Statements on Introduced Bills and Joint Resolutionsby Senator Lisa Murkowski
Posted on 2015-01-29
MURKOWSKI (for herself and Mr. Sullivan):
S. 319. A bill to designate a mountain in the State of Alaska as
Mount Denali; to the Committee on Energy and Natural Resources.
Ms. MURKOWSKI. Mr. President, I rise today to reintroduce legislation which has been proposed in the past by the Alaska Congressional Delegation to officially restore the traditional name of the nation's highest peak, currently Mount McKinley, to its traditional Interior Alaska Athabascan name, Denali.' I am joined in sponsoring this bill by my colleague from Alaska, Senator Dan Sullivan.
Since passage of the Alaska National Interest Lands Conservation Act in 1980 the Alaska Delegation has been trying to change the name of the tallest mountain in North America back to its Alaska name. In 1980 Congress did change the name of the national park and preserve where the mountain is located to Denali National Park and Preserve, from its earlier name of Mt. McKinley National Park. But unfortunately the name of the peak itself continues to refer to a President who never set foot in Alaska.
While I have great respect for President William McKinley and great respect for the wonderful State of Ohio where he was born, the peak at 20,230 feet has always been called by Alaska's first Athabascan residents as Denali, meaning ``the high one.'' It is simply fitting in this day and age of greater awareness of Native history that the mountain return to a name that honors its Native ancestry.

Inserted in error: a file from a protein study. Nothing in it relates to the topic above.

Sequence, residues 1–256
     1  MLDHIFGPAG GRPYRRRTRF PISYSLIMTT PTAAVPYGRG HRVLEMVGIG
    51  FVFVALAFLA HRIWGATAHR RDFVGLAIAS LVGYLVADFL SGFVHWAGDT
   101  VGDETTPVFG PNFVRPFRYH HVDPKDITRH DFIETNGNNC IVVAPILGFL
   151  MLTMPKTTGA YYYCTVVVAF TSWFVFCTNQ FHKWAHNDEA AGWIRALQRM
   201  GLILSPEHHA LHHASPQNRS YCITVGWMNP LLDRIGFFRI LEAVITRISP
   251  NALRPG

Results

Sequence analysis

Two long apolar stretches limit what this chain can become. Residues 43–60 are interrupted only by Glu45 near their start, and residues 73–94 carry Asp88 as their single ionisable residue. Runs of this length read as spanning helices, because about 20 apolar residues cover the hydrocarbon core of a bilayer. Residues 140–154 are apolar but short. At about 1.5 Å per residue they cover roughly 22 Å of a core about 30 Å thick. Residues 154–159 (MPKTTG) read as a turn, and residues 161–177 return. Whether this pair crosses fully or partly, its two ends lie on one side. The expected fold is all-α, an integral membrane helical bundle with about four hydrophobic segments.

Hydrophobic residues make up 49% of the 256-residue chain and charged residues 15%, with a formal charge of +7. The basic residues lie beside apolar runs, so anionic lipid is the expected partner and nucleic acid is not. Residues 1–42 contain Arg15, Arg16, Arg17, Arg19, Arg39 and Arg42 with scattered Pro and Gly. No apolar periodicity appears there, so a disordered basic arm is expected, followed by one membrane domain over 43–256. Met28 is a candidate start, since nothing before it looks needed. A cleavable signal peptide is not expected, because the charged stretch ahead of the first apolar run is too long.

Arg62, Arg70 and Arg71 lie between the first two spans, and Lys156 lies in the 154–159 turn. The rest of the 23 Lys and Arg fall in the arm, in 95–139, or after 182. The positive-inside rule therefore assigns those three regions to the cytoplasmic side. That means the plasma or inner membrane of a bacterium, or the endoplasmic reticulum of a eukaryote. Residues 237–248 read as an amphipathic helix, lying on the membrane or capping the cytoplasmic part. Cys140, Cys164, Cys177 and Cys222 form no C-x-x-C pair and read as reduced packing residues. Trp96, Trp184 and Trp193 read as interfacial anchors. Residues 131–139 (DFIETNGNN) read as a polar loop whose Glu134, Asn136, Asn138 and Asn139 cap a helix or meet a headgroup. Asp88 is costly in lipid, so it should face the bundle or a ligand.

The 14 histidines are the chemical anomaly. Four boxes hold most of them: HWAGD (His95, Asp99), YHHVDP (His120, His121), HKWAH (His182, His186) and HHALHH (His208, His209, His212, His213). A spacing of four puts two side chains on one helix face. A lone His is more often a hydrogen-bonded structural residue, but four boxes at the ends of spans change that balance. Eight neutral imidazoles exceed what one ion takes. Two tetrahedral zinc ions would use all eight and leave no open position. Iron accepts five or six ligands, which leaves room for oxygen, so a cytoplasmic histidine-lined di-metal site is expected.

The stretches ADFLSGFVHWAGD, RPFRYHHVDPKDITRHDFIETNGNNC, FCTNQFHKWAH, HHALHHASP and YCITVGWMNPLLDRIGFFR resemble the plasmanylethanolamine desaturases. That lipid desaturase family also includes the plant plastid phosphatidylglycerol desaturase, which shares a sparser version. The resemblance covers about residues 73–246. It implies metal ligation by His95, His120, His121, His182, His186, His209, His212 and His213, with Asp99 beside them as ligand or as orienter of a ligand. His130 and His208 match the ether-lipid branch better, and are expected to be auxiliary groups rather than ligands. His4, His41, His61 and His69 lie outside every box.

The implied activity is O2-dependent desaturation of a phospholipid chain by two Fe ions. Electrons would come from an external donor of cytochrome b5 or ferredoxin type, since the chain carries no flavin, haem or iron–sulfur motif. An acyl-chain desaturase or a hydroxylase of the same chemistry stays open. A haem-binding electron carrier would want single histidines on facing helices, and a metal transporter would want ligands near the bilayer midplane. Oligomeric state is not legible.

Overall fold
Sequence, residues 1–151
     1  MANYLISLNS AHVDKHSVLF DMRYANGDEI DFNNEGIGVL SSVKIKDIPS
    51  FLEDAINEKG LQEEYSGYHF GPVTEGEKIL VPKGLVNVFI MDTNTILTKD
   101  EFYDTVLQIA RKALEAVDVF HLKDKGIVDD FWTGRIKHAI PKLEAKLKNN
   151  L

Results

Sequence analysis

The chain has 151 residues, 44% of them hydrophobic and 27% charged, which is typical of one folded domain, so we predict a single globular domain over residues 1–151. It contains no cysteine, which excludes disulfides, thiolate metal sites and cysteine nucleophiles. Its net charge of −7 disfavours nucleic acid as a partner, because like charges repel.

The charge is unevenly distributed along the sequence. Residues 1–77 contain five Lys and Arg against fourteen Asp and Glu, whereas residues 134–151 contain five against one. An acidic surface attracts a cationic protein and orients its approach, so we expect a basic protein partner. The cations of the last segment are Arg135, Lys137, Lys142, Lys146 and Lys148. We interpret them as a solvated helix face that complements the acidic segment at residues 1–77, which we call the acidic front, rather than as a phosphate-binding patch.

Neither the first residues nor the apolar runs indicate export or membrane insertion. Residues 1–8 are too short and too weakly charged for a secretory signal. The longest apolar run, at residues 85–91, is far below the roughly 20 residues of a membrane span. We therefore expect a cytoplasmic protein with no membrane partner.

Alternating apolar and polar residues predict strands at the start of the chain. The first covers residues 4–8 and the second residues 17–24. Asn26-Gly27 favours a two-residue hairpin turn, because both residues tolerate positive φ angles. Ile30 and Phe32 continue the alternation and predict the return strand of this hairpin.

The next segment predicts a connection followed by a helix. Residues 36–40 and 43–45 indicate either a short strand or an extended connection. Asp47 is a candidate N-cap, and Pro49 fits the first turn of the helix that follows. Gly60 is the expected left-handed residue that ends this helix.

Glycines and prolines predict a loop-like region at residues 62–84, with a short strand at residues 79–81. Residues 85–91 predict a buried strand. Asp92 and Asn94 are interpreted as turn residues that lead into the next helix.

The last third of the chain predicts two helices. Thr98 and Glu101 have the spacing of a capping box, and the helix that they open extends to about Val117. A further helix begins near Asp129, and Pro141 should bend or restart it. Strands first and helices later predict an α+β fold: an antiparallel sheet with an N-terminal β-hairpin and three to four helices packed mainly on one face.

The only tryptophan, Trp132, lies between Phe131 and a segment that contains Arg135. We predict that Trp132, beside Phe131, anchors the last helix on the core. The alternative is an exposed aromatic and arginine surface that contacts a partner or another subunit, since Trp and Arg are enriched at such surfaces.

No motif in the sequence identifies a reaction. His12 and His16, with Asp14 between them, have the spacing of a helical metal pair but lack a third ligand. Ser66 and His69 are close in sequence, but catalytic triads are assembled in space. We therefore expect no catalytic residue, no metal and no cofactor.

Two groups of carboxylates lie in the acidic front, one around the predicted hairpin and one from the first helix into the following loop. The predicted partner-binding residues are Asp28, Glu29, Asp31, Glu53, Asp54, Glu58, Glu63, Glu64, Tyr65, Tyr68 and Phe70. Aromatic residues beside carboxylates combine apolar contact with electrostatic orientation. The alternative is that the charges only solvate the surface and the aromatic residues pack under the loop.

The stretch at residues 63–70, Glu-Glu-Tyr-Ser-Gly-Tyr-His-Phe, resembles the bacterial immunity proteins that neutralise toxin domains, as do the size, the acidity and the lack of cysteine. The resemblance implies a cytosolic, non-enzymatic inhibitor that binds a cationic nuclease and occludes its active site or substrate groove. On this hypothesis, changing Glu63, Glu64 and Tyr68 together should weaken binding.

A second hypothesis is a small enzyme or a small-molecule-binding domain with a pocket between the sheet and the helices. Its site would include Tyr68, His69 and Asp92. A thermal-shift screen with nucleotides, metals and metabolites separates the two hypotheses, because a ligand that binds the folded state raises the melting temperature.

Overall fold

Already there are a number of towns and institutions named in honor of the 25th President. He has a monument for him at his birthplace in Niles, OH, and another on McKinley Monument Drive where the McKinley National Monument is located, not far from the Pro Football Hall of Fame in Canton, OH. There is McKinley Heights in Ohio. There are more than 20 schools in Ohio named for him. There is a county in New Mexico named after him. There are literally hundreds of streets, libraries and other institutions and businesses named for him nationwide. There is no danger than Americans will not remember and honor the assassinated President.
But no official in the territory of Alaska actually named the nation's tallest mountain after the former President. That was done by a prospector William Dickey, who took it upon himself to name the peak in 1896. The Alaska State Place Names Board in 1975 took official state action to rename the peak, restoring its traditional name of Denali. I clearly believe that there is every reason for this Congress to follow Alaskans' desires and the desires of Native Americans and restore the name to the English translation of what it has been called for millennia, on Federal maps and documents.
I hope that this Congress will finally agree to this name change.
______ By Ms. WARREN (for herself, Mr. Cardin, Mr. Brown, and Ms. Baldwin): S. 320. A bill to authorize the collection of supplemental payments to increase congressional investments in medical research, and for other purposes; to the Committee on Health, Education, Labor, and Pensions.